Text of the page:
Working Group Reviews

This report includes the State Department’s response to the GAO. A working group under “M” reportedly is mandated to “discover where improvements can be made in notification, enrollment and tracking regarding FACT training.” The group is also “reviewing the conditions under which eligible family members can and should be required to complete FACT training as well as the requirements related to personnel on temporary duty assignment.”

Excerpt below from the public version of a February 2014 report:

Using data from multiple sources, GAO determined that 675 of 708 Department of State (State) personnel and all 143 U.S. Agency for International Development (USAID) personnel on assignments longer than 6 months (assigned personnel) in the designated high-threat countries on March 31, 2013, were in compliance with the Foreign Affairs Counter Threat (FACT) training requirement. GAO found that the remaining 33 State assigned personnel on such assignments had not complied with the mandatory requirement. For State and USAID personnel on temporary duty of 6 months or less (short-term TDY personnel), GAO was unable to assess compliance because of gaps in State’s data. State does not systematically maintain data on the universe of U.S. personnel on short-term TDY status to designated high-threat countries who were required to complete FACT training. This is because State lacks a mechanism for identifying those who are subject to the training requirement. These data gaps prevent State or an independent reviewer from assessing compliance with the FACT training requirement among short-term TDY personnel. According to Standards for Internal Control in the Federal Government , program managers need operating information to determine whether they are meeting compliance requirements.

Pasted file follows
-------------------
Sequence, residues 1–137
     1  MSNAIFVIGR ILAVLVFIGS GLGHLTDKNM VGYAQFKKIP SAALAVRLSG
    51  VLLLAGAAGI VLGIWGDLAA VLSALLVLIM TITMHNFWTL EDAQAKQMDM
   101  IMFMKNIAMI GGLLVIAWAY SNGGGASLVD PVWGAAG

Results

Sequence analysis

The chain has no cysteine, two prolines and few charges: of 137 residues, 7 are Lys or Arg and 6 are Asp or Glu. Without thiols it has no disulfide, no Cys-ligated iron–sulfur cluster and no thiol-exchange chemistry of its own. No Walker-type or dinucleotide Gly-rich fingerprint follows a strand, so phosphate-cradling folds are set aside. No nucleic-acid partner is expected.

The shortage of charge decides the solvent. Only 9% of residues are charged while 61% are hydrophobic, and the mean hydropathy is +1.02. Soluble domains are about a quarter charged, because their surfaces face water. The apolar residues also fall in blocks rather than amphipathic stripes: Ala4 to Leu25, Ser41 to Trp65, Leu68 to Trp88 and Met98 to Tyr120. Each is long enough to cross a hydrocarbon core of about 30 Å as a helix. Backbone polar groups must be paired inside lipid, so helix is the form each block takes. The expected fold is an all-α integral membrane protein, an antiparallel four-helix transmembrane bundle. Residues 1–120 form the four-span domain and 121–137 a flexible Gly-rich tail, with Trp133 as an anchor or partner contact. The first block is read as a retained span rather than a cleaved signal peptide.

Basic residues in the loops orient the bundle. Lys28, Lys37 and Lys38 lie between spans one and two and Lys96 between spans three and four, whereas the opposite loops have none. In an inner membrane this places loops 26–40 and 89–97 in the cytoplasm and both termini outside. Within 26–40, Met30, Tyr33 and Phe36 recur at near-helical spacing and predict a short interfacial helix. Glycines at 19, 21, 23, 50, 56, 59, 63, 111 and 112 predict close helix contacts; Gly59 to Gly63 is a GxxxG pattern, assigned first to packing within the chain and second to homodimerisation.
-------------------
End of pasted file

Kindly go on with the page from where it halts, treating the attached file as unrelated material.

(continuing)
State’s guidance and management oversight of personnel’s compliance with the FACT training requirement have weaknesses that limit State’s ability to ensure that personnel are prepared for service in designated high-threat countries. These weaknesses include the following:

  • State’s policy and guidance related to FACT training—including its Foreign Affairs Manual , eCountry Clearance instructions for short-term TDY personnel, and guidance on the required frequency of FACT training—are outdated, inconsistent, or unclear. For example, although State informed other agencies of June 2013 policy changes to the FACT training requirement, State had not yet updated its Foreign Affairs Manual to reflect those changes as of January 2014. The changes included an increase in the number of high-threat countries requiring FACT training from 9 to 18.
  • State and USAID do not consistently verify that U.S. personnel complete FACT training before arriving in designated high-threat countries. For example, State does not verify compliance for 4 of the 9 countries for which it required FACT training before June 2013.
  • State does not monitor or evaluate overall levels of compliance with the FACT training requirement.
  • State’s Foreign Affairs Manual notes that it is the responsibility of employees to ensure their own compliance with the FACT training requirement. However, the manual and Standards for Internal Control in the Federal Government also note that management is responsible for putting in place adequate controls to help ensure that agency directives are carried out.

The GAO notes that the gaps in State oversight may increase the risk that personnel assigned to high-threat countries do not complete FACT training, potentially placing their own and others’ safety in jeopardy.